:Relative permittivity of the outer region (where the particles are).

`normals`

:List of size

`n_icc`

with normal vectors pointing into the outer region.

`areas`

List of size

`n_icc`

with areas of the discretized surface.

`sigmas`

List of size

`n_icc`

with an additional surface charge density in absence of any charge induction

`epsilons`

List of size

`n_icc`

with the dielectric constant associated to the area.

The ICC particles are setup as normal ESPResSo particles. Note that they should be fixed in space and need an initial nonzero charge. The following usage example sets up parallel metallic plates and activates ICC:

```
# Set the ICC line density and calculate the number of
# ICC particles according to the box size
l = 3.2
nicc = int(box_l / l)
nicc_per_electrode = nicc * nicc
nicc_tot = 2 * nicc_per_electrode
iccArea = box_l * box_l / nicc_per_electrode
l = box_l / nicc
# Lists to collect required parameters
iccNormals = []
iccAreas = []
iccSigmas = []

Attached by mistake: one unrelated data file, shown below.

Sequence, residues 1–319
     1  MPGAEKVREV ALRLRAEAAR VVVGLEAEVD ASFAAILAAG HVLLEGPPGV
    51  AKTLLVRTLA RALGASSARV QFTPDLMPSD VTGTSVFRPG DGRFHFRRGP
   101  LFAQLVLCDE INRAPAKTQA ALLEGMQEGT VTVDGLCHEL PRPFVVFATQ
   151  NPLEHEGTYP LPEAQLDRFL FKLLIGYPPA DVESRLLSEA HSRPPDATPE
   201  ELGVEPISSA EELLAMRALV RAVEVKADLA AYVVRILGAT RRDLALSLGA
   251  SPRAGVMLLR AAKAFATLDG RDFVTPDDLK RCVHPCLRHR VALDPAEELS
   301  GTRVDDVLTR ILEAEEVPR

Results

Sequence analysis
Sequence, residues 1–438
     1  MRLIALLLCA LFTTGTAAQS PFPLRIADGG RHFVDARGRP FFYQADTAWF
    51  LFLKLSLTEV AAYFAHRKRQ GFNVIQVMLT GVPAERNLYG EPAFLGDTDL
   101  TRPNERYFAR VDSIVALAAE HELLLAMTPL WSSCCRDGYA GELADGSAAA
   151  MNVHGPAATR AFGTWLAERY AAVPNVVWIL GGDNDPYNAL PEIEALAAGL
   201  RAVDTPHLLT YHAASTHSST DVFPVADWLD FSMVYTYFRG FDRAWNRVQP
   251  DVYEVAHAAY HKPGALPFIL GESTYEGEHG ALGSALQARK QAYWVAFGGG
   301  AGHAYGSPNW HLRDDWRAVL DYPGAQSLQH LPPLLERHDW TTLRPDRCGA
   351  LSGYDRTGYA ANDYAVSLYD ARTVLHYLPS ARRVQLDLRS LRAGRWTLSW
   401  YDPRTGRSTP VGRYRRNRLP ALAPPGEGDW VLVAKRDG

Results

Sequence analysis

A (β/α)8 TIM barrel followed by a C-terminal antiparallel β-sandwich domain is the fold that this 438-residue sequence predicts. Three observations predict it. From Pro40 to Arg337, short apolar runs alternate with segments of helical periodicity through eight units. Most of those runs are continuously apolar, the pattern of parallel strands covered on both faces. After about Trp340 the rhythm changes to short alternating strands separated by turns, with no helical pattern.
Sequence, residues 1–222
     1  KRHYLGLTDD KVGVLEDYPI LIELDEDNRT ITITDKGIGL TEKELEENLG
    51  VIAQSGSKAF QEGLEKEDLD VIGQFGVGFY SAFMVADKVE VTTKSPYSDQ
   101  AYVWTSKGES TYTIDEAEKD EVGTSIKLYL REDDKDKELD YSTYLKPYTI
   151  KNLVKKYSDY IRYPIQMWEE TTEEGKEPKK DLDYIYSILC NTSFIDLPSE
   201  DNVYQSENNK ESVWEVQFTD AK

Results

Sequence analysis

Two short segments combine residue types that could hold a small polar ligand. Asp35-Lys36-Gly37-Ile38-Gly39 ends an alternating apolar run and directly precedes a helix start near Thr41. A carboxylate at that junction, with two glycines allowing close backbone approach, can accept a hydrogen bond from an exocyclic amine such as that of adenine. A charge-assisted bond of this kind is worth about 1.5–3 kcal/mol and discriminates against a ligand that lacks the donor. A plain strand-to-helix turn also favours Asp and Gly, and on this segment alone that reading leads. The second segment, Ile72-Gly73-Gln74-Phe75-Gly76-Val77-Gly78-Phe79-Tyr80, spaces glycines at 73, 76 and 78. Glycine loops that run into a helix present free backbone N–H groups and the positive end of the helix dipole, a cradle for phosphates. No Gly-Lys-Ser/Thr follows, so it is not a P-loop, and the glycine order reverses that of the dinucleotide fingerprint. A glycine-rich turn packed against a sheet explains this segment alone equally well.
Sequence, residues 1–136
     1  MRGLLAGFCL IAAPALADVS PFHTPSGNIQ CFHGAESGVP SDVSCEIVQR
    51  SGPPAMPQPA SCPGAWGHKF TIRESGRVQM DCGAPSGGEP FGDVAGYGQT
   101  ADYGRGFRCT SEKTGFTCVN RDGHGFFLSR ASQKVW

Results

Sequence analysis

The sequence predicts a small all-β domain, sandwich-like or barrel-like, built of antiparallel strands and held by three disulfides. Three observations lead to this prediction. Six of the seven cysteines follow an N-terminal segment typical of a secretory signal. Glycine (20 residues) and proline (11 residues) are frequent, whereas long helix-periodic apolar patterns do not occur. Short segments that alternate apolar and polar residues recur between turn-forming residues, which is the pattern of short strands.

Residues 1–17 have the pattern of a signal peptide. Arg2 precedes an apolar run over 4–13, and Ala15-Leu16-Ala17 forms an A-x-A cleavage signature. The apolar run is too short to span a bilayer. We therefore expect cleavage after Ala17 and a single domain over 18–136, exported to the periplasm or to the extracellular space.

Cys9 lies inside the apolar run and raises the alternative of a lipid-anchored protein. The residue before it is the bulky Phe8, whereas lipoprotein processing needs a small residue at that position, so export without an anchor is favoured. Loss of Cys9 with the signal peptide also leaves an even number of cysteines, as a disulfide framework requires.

iccEpsilons = []
# Add the fixed ICC particles:
# Left electrode (normal [0,0,1])
for xi in xrange(nicc):
for yi in xrange(nicc):
system.part.add(pos=[l * xi, l * yi, 0], q=-0.0001, fix=[1, 1, 1], type=icc_type)
iccNormals.extend([0, 0, 1] * nicc_per_electrode)
# Right electrode (normal [0,0,-1])
for xi in xrange(nicc):
for yi in xrange(nicc):
system.part.add(pos=[l * xi, l * yi, box_l], q=0.0001, fix=[1, 1, 1], type=icc_type)
iccNormals.extend([0, 0, -1] * nicc_per_electrode)
# Common area, sigma and metallic epsilon
iccAreas.extend([iccArea] * nicc_tot)
iccSigmas.extend([0] * nicc_tot)
iccEpsilons.extend([100000] * nicc_tot)
icc = ICC(first_id=0,
n_icc=nicc_tot,
convergence=1e-4,
relaxation=0.75,
ext_field=[0, 0, 0],
max_iterations=100,
eps_out=1.0,
normals=iccNormals,
areas=iccAreas,
sigmas=iccSigmas,
epsilons=iccEpsilons)
system.actors.add(icc)
```

With each iteration, ICC has to solve electrostatics which can severely slow down the integration. The performance can be improved by using multiple cores, a minimal set of ICC particles and convergence and relaxation parameters that result in a minimal number of iterations. Also please make sure to read the corresponding articles, mainly [ALK+13][TSuzenS+10][KSH11] before using it.

## 8.4. MMM2D¶

Note

Required features: `ELECTROSTATICS`

.